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I've got worms!

And I couldn’t be happier. And no, it’s not that sort of worm — I’m talking about my worm farm, which I set up a few weeks ago.

I had a compost bin and a worm farm at my old house, but for various reasons I wasn’t able to bring them with me when I moved. My new garden is much smaller, and mostly native plants, which don’t need much fertilizer, and in fact some of the plants thrive on poor soil. But my vegie boxes do need their soil enriched.

I was also feeling rather wasteful, throwing vegetable peelings and other compostables in the rubbish bin, so I bit the bullet and ordered a worm box on line, along with a supply of compost worms. Different worms do different jobs, and these worms live just beneath the surface and process vegie scraps, waste paper and other organic material into . . . well, worm poo, and worm wee. Both of which plants just love.


I set it up just outside the laundry door. I collect my scraps in a small bucket (with a lid) that sits on the kitchen bench and every day or two I take it out to the worm farm and pop them in. I chop everything up small to make it easier for the worms to process. You can see from the photo the kind of thing I mean. 

Eggshells, which they can’t process in big chunks — they have tiny mouths and no teeth — I let dry first and then grind to a sand-like texture in my stone mortar and pestle, which my parents brought back from their time in Penang. It takes barely a minute and it provides the worms with the grit they need for health. And it’s good for the soil, when it gets there.

I’m already collecting worm wee — they like to be kept damp, and the excess liquid trickles down and is collected, and from time to time I turn on the little tap at the base and collect it in a bottle, which I then dilute to the color of weak tea before I feed the plants with it.

Funny story. Another friend of mine has a worm farm, and one evening at dinner with friends I was mentioning how much I missed my old worm farm and compost bin, and a friend said, “I could give you some worm juice if you like.” (Yes, quite the high-brow dinner party discussions we have. <g>)

Our host, who had been in the kitchen and missed the context, had just put the next delicious course on the table. He looked at her in horror. “Worm juice?” he said, appalled. “What on earth do you do with that?” Clearly thinking this was some kind of frightful heath fad and that we would drink it. We laughed and explained.

I’m very happy to have a worm farm again. There’s no bad smell, and it’s using up my organic waste and turning it into something productive for my garden and my pot-plants. It’s a win win situation.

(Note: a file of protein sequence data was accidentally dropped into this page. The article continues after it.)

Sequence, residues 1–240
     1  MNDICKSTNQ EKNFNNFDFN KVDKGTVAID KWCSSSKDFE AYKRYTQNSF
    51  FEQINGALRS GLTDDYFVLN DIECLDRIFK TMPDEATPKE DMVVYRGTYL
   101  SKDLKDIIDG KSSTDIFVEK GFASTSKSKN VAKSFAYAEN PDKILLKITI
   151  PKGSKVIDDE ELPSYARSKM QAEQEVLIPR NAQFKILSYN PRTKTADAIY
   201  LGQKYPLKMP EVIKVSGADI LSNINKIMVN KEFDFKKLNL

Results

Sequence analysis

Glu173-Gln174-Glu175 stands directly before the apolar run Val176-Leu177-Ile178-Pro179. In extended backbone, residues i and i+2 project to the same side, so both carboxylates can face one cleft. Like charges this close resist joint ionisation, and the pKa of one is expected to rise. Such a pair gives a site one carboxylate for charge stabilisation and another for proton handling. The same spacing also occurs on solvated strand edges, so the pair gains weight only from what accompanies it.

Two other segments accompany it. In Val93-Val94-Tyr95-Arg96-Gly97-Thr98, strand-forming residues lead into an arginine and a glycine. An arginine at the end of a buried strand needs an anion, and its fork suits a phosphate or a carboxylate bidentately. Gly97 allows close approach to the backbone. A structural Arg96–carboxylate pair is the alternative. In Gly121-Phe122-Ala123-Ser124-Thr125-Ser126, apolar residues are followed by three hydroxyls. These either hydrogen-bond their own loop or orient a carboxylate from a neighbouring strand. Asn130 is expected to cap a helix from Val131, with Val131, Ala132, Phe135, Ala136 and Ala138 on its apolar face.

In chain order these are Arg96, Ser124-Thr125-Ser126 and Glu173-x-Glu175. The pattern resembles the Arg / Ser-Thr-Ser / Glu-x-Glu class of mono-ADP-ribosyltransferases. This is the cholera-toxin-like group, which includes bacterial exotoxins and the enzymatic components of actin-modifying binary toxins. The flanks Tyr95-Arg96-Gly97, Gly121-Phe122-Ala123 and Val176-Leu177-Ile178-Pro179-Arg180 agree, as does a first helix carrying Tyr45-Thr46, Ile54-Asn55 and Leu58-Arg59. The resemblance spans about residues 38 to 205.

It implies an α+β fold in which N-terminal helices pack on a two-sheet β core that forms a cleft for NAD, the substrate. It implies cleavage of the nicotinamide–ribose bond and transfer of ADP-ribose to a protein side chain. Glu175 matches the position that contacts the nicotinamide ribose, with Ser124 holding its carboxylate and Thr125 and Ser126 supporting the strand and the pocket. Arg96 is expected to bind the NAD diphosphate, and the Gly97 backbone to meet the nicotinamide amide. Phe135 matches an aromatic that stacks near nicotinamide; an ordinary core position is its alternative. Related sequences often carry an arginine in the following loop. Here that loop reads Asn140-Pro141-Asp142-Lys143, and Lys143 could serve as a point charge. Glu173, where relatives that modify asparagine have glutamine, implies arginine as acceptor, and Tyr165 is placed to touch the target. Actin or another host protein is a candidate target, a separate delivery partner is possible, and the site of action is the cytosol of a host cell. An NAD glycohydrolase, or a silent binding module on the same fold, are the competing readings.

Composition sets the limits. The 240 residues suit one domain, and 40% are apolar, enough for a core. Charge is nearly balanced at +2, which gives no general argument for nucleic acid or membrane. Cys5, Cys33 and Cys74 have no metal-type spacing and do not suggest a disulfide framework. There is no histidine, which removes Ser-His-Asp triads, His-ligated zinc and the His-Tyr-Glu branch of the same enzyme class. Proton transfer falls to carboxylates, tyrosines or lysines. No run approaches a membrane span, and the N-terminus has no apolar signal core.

The last leaves of Autumn


Autumn leaves are pretty special here — our native vegetation is often very beautiful, but the plants that have leaves that turn gold or orange or scarlet are almost invariably exotics, imported from the northern hemisphere. So when I spot some spectacular autumn display it’s a treat.

I spotted this in a neighbor’s front yard coming home the other afternoon. The sun was shining through the last few autumn leaves of this tree and they were lit up gorgeously, as you can see.

I drove on past, then stopped, backed up, and got out to take a few photos.

Two days later and we had rain and storms, and last time I passed it, there was just one golden leaf, hanging valiantly on. I didn’t stop to take a photo as the rain was pelting down and I was a wimp. <g>

I really miss the glorious Virginia Creeper in my old garden — one whole fence was covered in glory every autumn — but not only have I moved, the entire  back yard has been bulldozed down to mud, and the creeper, and all my other lovely plants have been replaced by bricks. All that remains of that garden are my photos. 



I adore figs. In my old house I had a huge fig tree that flourished — but the figs were inedible — small, hard and dry inside. I tried everything to make it fruit but they were always the same. And when I decided to kill it,  hiring tree loppers several times, it still grew back.

My new garden also had a large fig tree, and I was assured it grew edible figs. So I’ve been waiting, and watching the tiny figlets grow with great anticipation, and fretting that the possum or the birds would get to them before I did. My neighbor told me the figs were really delicious, which only added to my anticipation. But the trouble was, there weren’t many. 

My first taste was of one I found on the grass, with a bird peck into it. So eager was I to try the figs that I cut off the bird-pecked bit and ate it. It was delicious — a rich dark red inside and almost like jam. Seriously, it was the best fig I’ve ever tasted. 

I just picked two more — that’s a total so far of two and a half figs this season — not exactly the bumper crop I was hoping for. There are several more left on the tree, but they’re small and still hard and we’re into autumn now, so I doubt they’ll ripen. But today I found two that were ripe and ready to pick. The outside is green as you can see, so you have to guess ripeness by how soft it is. These two were perfect. There they are in the photo. Aren’t they a gorgeous color? And they taste delicious.

So I’m now looking up ways to make a fig tree fruit more prolifically. I gather a good pruning might help — seems they only fruit on new branches. So once winter hits, I’ll get out my trusty pruning saw and get cracking.

Are you fond of figs? They seem to be a fruit people either love or hate.